The Congress of South African Students (COSAS) has demanded (among other things) that the private sector be held accountable for the education of South Africans. In a national press conference last week, the organisation said it would challenge big business to meet these demands. The Daily Vox asked people what they think about the state of education in the country and what role of big business should play.
Taheera Bradley, 22, student
I recently read that the department of basic education (DBE) is not going to make math a compulsory subject to pass, and for me that was just such a shocker. I don’t actually know what’s going on anymore because that’s just decreasing our levels of education. I’m in my own state of panic for the country and its education system right now. We need teachers who are serious about their jobs and we also need to pay them better. Once we start paying teachers better more people would be interested in becoming a teacher. We don’t have enough teachers in this country. Teaching has got to be something you’re actually passionate about because you’re working with people, and you become a fundamental part of their lives. Schoolchildren use what teachers teach them to make decisions in their adult lives.
COSAS was formed in 1979, following the Soweto uprisings. It’s roots lie in the black consciousness movement and it has historically supported the ANC and its policies. Earlier this year, COSAS joined the MK vets patrolling Luthuli House during anti-Zuma marches following the president’s controversial cabinet reshuffles.
Xolani Mpungose, 27, construction worker
Our education system is very poor, I won’t lie. Last time I checked, it was rated somewhere right at the bottom. It’s not okay. COSAS want big business to invest more in education? It’s all politics, that’s all I can say. They’re also gaining something by asking big business to invest. I think primary and secondary education should be free. Learners shouldn’t have to pay school fees. Maybe if they want to go to varsity, that’s when they can start to pay. The difference is that our family backgrounds are not the same. Maybe they should create some system that can benefit both parties.
COSAS has demanded that the private sector should be held accountable for the South African education system. It also demanded free school uniforms, safety and security on school property and a feeding scheme.
Eugenia Qonde, 55, mother
There are so many schools for white people and not enough schools for black people. Blacks who go to white schools change themselves. They think because they are in white schools they are better than others. Kids from locations can’t find jobs because they didn’t go to white schools. Schools in the locations are not good enough. Why doesn’t the government provide for these schools? I wouldn’t change how the education system does things, I just think government must provide for schools in the location. The schools need to be equal. It’s a good idea for big business to fund our education, but they must also train learners to give them work experience. When learners finish school, they must have an opportunity to build their lives and be proud of who they are.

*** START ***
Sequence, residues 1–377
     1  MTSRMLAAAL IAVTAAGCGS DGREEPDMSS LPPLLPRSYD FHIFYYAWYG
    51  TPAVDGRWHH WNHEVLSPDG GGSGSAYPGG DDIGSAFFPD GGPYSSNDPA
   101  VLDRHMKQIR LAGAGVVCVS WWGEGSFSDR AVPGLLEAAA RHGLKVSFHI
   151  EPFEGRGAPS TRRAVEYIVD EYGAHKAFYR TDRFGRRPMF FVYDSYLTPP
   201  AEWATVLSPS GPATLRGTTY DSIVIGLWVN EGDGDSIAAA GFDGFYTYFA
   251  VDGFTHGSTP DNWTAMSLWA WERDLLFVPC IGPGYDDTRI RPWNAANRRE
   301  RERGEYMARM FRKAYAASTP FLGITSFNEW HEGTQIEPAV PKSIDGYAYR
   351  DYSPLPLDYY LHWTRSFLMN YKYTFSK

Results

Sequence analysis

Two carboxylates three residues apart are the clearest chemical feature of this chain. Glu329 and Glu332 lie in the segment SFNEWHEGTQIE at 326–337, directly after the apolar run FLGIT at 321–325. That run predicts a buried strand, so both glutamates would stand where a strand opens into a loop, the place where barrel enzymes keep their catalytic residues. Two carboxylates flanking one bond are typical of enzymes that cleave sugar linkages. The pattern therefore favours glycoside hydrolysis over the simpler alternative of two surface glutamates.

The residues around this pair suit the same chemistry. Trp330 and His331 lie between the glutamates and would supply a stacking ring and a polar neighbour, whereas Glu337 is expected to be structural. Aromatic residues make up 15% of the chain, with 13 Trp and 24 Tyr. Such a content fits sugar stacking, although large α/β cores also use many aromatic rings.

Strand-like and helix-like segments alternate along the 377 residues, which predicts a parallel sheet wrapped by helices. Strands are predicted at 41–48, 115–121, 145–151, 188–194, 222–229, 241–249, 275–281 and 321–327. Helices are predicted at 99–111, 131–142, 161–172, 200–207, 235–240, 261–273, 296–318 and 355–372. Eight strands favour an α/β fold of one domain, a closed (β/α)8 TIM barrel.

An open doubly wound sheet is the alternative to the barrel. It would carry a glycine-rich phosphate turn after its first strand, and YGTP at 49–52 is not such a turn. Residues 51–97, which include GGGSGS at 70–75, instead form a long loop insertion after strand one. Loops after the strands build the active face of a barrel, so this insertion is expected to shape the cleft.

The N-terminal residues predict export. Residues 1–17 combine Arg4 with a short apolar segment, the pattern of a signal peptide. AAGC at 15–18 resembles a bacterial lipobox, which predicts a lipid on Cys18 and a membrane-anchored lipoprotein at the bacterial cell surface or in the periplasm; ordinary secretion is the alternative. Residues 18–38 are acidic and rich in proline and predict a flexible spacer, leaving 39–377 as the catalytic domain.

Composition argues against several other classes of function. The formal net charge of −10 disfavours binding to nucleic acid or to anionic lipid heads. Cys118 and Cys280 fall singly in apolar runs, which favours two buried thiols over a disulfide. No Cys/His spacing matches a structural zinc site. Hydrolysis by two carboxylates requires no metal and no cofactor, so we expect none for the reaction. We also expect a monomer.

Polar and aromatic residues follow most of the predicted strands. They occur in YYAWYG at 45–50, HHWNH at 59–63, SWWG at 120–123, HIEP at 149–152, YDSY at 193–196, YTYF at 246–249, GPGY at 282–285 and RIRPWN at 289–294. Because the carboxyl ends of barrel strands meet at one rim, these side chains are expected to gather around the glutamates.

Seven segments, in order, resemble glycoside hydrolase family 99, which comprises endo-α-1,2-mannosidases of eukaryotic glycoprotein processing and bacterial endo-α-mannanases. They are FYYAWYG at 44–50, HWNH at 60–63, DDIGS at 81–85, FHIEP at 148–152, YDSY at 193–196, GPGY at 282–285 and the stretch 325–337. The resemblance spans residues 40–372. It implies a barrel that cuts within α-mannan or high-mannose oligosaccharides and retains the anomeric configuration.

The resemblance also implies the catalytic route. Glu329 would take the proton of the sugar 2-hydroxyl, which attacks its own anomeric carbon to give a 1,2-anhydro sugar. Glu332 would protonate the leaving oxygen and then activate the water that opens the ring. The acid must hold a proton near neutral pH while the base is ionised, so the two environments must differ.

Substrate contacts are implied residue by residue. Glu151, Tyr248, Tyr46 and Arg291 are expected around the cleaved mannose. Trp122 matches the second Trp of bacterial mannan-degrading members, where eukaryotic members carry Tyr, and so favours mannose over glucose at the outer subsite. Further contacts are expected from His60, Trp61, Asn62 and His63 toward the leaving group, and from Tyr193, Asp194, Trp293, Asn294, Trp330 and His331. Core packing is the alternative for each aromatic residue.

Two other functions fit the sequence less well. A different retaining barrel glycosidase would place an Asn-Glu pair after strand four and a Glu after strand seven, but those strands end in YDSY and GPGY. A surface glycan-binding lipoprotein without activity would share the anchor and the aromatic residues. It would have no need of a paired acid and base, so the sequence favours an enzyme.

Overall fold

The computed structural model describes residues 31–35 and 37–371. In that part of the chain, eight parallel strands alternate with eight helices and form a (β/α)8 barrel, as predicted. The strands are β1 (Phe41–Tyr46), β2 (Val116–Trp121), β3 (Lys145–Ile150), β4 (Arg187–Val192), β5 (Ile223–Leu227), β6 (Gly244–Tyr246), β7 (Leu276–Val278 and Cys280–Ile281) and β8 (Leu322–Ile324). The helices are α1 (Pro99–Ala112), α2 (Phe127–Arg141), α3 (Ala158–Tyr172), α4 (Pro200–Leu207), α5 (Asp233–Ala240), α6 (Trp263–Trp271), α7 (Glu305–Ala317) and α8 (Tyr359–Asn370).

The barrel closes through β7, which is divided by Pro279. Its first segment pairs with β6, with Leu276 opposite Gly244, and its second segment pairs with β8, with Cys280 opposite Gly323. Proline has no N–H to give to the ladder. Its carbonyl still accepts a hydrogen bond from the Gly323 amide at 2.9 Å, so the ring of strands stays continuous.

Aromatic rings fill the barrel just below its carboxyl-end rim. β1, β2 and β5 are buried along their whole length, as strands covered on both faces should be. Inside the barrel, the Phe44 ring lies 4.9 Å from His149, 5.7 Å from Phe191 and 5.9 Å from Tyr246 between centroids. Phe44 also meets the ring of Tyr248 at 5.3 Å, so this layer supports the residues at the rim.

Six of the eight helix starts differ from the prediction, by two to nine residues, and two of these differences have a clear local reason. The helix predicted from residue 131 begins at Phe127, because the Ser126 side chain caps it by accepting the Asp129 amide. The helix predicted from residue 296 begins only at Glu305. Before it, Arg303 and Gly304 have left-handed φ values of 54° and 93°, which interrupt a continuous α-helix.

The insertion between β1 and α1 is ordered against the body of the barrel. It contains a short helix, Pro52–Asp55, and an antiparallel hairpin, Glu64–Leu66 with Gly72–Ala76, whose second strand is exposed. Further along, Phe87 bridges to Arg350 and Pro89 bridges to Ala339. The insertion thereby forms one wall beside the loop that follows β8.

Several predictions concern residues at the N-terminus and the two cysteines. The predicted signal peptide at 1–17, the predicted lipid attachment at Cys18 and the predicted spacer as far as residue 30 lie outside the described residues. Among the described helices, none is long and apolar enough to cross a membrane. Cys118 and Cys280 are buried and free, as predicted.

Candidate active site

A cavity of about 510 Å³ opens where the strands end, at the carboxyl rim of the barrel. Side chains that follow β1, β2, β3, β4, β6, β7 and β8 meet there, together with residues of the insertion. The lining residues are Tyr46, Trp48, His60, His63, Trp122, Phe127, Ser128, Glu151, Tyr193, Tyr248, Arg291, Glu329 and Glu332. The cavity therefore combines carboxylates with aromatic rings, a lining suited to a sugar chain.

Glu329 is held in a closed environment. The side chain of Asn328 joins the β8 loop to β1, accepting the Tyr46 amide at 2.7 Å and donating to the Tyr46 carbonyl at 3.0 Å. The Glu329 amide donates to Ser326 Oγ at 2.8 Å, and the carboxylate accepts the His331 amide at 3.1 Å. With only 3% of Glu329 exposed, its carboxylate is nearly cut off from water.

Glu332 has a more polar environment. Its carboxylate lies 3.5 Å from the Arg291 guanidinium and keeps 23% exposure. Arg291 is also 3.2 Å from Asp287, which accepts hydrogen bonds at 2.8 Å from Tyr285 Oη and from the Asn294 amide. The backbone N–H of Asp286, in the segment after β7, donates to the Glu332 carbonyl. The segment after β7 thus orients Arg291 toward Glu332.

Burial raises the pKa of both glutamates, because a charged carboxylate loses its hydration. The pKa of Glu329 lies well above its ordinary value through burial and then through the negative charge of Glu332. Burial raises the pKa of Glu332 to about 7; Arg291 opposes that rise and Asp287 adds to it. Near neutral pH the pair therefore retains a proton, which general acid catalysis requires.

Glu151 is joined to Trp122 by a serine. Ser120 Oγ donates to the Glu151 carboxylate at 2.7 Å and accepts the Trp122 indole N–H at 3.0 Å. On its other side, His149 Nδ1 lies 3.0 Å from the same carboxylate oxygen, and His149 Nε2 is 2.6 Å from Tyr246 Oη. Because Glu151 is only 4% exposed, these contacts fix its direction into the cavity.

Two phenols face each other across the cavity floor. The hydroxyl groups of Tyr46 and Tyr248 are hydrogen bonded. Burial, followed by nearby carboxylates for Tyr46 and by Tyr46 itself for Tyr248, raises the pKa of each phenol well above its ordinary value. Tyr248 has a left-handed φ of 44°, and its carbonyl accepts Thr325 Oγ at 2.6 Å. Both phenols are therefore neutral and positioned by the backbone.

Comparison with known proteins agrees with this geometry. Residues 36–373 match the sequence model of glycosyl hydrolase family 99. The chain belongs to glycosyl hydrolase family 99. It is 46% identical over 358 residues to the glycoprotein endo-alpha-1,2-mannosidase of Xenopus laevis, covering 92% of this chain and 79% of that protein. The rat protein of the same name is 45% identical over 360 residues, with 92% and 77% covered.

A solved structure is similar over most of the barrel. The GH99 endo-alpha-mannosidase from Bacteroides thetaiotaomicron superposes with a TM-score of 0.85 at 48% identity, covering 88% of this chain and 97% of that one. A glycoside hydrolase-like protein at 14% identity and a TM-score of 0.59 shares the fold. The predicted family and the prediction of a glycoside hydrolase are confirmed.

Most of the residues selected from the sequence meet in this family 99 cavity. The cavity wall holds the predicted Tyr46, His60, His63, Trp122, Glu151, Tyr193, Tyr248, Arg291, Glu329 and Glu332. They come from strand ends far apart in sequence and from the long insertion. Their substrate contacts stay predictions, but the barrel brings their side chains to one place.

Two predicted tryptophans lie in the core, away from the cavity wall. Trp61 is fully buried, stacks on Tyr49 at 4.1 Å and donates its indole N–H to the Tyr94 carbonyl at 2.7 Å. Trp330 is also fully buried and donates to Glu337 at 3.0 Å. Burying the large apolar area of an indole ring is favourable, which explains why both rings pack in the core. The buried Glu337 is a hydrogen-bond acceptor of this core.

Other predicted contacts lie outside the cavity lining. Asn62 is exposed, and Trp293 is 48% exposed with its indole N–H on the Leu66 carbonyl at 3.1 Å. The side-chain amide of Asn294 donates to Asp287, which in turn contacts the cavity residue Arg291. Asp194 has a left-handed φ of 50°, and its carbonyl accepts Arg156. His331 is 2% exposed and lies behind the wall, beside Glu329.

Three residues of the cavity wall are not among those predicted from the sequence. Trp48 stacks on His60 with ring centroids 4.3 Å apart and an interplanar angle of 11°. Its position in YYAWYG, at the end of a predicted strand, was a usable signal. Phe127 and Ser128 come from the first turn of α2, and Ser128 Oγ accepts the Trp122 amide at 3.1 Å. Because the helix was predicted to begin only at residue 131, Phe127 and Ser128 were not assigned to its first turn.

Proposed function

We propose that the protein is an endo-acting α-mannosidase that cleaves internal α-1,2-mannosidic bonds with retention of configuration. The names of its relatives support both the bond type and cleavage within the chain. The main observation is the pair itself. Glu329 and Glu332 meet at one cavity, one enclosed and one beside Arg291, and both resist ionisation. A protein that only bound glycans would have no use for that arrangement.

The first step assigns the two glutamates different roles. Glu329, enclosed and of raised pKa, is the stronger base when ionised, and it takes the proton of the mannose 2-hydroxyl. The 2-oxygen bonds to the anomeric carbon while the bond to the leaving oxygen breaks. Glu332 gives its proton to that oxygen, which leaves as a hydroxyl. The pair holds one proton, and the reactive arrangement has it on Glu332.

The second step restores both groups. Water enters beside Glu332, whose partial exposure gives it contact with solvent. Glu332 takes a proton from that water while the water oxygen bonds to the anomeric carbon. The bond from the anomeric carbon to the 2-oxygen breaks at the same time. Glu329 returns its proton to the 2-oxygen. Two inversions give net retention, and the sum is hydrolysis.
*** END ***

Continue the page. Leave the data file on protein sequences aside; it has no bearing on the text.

COSAS continues to raise concerns about “the dual education system of the private and public schools whereby children of the poor get poor quality public education and the children of the rich get quality private education”.
Rumaanah Jeenah, 20, student (left)
The funding of our education system is not used very well because of the whole corruption problem and things are just misappropriated. I don’t think the issue is with private schools, but with public schools mostly. The focus seems to be on specific subjects and a very small array of them especially in schools that have less funding. I also think the issue is with the teachers themselves – it doesn’t help if you have teachers that can’t teach. I think big business investment could be helpful particularly for underprivileged students. If businesses are to fund particular students’ education so that they can pay for their primary, secondary and tertiary education at least they can help someone out that really needs it. That makes a difference.
In an apparent reference to #FeesMustFall, COSAS national secretary general Khulekani Skosana said on Friday that the organisation had been demanding free education since before the hashtags. He told reporters: “The private sector must fund free education or leave.”
Sanam Moothiram, 20, student (right)
The education system has come a long way but there’s still some work to be done. It could be more well-rounded. But we have the idea that the education system is generally flawed throughout the world. I went to a public school but I didn’t feel like I was deprived in any way of facilities or anything. If I could change anything about the education system, I think I would add more variety of subjects so that children of different skill sets have a chance to be successful. Big business should definitely be investing more in our education system.
COSAS says it will occupy all centres of economic power to push for funding for education. The organisation say it will occupy the Johannesburg Stock Exchange on 31 July. This is not a new demand. Cosas also marched to the JSE last year and has previously demanded that JSE-listed companies raise R1-billion for poor schools.
Voxes have been edited for clarity and brevity.